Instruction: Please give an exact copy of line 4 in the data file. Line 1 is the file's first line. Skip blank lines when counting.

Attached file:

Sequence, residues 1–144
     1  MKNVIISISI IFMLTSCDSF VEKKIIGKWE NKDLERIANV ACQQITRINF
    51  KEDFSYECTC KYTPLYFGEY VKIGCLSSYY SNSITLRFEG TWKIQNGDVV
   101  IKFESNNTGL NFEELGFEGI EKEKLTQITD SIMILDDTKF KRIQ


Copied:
   101  IKFESNNTGL NFEELGFEGI EKEKLTQITD SIMILDDTKF KRIQ